Seems like an obvious choice, or is it?
At first glance this seems to be no contest, right? There is no way an electric chainsaw can compete with the power behind a gas-powered, wood gnawing machine. Before you jump to that conclusion too quickly, the choice may not be as clear cut as you think.
Historically, while often times more convenient and affordable, most electric power tools often traded power for its other qualities. For the most part the trade-off was an acceptable one for the average homeowner and working around the yard. In a professional environment they just couldn’t hold their weight against their gas-powered counterparts. Beyond power, their durability was also a big concern. Clearly felling trees is not a job for a dainty piece of equipment. The machinery needs to be as rugged as the big burly man in a flannel shirt behind it. These days it might be time to bury that stereotype, on both counts.
While the gas machines still have a slight edge in the power department, electric chain saws are right behind them and the difference can be imperceivable . The main factor to consider, is the job itself and location. On many points gas chainsaws can be much more difficult to maintain and keep operating at peak performance. The simple fact does remain if you are out in the wilderness away from civilization, and electricity, simply fueling up and pulling the chord is probably your best option. Although quiet, convenient and less messy an electric chainsaw still needs to be charged at some point. You could go to the extent of hauling a generator around to charge it, but that negates two of the main selling points: price and convenience.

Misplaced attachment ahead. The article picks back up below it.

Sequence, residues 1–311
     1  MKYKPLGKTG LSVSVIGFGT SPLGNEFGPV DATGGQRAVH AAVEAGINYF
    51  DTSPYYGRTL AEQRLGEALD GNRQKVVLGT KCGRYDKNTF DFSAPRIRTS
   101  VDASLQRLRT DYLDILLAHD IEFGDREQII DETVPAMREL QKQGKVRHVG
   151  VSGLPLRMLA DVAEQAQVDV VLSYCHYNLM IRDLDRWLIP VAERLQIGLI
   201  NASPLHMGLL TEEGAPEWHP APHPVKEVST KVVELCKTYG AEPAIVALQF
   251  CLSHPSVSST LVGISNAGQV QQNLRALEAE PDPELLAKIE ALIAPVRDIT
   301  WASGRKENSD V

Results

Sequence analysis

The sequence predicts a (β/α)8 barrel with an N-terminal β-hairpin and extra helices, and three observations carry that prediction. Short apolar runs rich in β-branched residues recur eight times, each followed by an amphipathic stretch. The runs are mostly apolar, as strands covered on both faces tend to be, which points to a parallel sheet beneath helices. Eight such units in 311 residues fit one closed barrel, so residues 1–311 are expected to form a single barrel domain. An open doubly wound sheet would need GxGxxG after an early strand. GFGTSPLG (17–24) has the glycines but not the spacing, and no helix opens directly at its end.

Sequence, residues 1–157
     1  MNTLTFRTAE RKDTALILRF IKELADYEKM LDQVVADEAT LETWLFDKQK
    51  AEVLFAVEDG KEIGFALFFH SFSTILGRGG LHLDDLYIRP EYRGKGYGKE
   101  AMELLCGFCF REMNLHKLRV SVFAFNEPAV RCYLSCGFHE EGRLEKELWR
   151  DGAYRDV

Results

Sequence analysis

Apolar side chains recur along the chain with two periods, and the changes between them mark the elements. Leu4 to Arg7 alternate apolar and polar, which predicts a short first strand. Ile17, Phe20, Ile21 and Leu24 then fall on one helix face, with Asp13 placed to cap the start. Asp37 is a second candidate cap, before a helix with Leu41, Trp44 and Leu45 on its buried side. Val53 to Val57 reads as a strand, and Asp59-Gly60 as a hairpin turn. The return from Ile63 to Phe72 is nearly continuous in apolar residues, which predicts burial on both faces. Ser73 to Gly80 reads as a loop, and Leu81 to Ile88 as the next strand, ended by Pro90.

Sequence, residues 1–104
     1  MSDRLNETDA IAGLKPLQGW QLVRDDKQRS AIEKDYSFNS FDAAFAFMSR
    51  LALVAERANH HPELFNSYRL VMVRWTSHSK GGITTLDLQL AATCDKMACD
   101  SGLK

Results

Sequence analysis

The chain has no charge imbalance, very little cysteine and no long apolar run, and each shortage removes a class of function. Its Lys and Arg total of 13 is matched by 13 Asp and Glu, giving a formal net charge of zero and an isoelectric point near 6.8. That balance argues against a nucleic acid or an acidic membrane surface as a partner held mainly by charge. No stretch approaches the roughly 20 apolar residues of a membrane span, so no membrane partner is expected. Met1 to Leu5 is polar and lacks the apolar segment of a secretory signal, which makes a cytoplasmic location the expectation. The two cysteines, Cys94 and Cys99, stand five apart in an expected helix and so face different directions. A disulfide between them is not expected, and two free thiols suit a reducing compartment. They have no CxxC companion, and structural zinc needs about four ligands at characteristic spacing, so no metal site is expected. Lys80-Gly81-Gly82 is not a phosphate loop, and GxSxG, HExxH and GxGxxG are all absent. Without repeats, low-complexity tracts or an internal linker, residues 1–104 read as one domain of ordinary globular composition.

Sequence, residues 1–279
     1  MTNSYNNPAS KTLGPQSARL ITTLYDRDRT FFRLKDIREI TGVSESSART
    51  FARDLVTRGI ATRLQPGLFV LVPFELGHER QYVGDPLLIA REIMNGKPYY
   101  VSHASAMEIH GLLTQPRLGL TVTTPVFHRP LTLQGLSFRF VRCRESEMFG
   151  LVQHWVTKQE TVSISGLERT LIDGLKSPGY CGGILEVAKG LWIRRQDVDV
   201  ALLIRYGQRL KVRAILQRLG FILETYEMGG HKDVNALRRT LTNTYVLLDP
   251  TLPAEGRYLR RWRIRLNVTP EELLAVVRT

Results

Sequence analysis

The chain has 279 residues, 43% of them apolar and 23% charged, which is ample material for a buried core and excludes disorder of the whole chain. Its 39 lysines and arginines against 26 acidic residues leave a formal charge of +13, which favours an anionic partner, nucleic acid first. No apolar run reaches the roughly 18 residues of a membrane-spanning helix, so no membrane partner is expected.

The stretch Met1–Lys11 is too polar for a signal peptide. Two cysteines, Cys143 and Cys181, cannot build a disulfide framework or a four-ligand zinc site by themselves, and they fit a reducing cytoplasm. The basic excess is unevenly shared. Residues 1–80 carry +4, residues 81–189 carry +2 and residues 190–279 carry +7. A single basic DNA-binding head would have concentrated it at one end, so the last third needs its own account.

If you have jobs around the home, or in a professional environment where electricity is readily available electric might be an option to consider. These can be especially handy if you are working in an area where noise or lack of ventilation may be an issue. I have been on commercial job sites where gas-powered tools were not permitted due to both smell and fire regulations. The positive is that a good electric chainsaw possesses both the power and durability to handle most situations as an alternative to gas. Granted you probably won’t be able to cut down redwoods with it, but it is perfectly capable of handling real-world scenarios.
In the end, the concern is less about power and durability these days and more about ease of use in a given situation. Either machine is capable of handling most jobs equally depending on your surroundings. Along with a very slight power edge comes a little bit of a speed factor with gas chainsaws. One can get the job done a bit quicker with gas, but for all intensive purposes the gap between the two really isn’t much of a factor. Both machines have their positives and negatives, and for the most part it comes down to which you are more comfortable with.